Duly noted is the use of shouty capitals on the “NOT”.  It has been my experience that the more vehemently one denies a statement, the greater the likelihood that the statement is true.  See: Shakespeare’s Hamlet.  (“Methinks the lady doth protest too much” is the relevant quote here, for those who don’t remember their Junior English class.)  Nevertheless, I am acquainted with both terms but I do thank you for the refresher.  Point: Barry.

2) My point with the black hat/white hat analogy was most definitely NOT “but they did it too.” My point was that black hat SEO is a scam, and deserves to be taken down. “Black hat” patent enforcement is likewise a scam that deserves to be taken down.

So we do agree then that “black hat” (can we stop putting that in quotes yet, or is the term still too new?) PAEs/Patent Trolls need to be taken down.  Progress!  I contend though, and this was my point, that when you start pointing out what other people are doing wrong in an effort to a) deflect from your own nefariousness or b) compare your nefariousness to something much more nefarious, you’ve lost your high ground, if in fact you had any to begin with.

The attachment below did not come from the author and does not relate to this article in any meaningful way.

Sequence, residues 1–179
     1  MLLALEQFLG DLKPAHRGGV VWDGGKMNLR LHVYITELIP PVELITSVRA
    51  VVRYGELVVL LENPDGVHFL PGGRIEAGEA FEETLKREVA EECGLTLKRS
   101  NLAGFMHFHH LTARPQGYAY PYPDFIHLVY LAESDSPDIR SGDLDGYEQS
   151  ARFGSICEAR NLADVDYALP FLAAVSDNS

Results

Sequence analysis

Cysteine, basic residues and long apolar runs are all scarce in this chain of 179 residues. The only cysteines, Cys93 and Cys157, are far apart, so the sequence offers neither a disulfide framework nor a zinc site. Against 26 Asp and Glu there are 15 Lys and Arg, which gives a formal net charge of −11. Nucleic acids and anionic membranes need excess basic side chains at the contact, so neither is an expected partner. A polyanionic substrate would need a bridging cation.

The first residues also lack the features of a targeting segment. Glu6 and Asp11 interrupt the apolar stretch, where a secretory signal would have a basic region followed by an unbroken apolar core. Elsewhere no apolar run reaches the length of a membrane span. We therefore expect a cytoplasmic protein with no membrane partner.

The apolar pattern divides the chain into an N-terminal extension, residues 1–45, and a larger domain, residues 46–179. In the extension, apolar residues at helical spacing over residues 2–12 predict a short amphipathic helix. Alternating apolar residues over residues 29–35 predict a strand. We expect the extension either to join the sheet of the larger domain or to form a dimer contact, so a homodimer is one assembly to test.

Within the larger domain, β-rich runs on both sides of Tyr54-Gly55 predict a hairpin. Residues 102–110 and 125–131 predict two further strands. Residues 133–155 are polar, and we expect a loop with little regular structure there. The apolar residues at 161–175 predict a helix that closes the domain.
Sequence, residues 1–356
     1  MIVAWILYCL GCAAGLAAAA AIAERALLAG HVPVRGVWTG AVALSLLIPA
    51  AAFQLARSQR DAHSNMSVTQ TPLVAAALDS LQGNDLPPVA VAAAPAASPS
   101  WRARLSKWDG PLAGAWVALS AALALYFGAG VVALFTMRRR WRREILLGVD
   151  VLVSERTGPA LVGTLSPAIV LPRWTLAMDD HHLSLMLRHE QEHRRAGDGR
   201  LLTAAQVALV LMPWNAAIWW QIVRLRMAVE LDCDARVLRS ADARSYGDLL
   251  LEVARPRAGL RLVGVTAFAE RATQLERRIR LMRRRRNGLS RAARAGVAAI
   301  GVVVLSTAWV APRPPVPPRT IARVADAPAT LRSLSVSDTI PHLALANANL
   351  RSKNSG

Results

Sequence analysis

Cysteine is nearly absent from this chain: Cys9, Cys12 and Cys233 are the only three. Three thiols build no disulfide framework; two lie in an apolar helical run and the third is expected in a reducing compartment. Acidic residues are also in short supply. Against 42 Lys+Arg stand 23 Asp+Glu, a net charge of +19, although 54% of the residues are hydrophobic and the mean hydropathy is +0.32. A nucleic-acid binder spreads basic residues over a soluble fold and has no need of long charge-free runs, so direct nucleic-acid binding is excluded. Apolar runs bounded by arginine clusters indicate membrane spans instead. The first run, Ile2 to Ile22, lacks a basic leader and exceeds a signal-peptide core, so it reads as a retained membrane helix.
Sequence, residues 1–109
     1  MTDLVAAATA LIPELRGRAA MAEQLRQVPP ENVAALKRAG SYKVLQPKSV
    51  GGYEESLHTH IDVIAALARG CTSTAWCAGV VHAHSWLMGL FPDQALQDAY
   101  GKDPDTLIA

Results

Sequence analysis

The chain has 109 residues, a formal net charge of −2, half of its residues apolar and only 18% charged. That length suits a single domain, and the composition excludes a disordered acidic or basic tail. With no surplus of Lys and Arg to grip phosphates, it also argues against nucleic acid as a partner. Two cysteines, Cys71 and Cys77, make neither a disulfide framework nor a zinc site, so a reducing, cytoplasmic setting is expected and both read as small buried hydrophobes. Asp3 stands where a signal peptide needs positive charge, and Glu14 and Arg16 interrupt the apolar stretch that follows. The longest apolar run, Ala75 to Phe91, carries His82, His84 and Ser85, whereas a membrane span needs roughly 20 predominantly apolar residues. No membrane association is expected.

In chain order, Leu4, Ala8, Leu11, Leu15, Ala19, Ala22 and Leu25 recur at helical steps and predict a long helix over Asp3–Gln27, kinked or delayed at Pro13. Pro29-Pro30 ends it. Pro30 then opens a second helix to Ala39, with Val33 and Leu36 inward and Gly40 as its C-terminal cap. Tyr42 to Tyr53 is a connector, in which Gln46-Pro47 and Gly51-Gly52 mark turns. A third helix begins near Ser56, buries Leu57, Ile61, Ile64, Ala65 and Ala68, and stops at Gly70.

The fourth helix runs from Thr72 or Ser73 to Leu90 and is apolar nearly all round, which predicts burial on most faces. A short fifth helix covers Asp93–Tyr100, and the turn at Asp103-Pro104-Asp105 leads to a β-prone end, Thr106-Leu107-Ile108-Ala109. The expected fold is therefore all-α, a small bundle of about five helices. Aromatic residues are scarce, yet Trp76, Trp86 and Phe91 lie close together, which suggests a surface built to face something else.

Why not instead focus on the positive things that you’ve done for your  inventors who surely could not find their way through the patent system were it not for you?  This is what I had asked IP Nav to do.  Show the world how good you are, instead of pointing to someone else and how bad they are!  Point:  IPTT.

Moving on: